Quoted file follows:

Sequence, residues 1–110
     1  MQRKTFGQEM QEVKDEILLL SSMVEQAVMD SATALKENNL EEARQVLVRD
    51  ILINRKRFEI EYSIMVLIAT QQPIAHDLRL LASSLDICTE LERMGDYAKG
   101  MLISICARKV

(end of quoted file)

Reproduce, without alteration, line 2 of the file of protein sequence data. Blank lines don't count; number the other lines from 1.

     1  MQRKTFGQEM QEVKDEILLL SSMVEQAVMD SATALKENNL EEARQVLVRD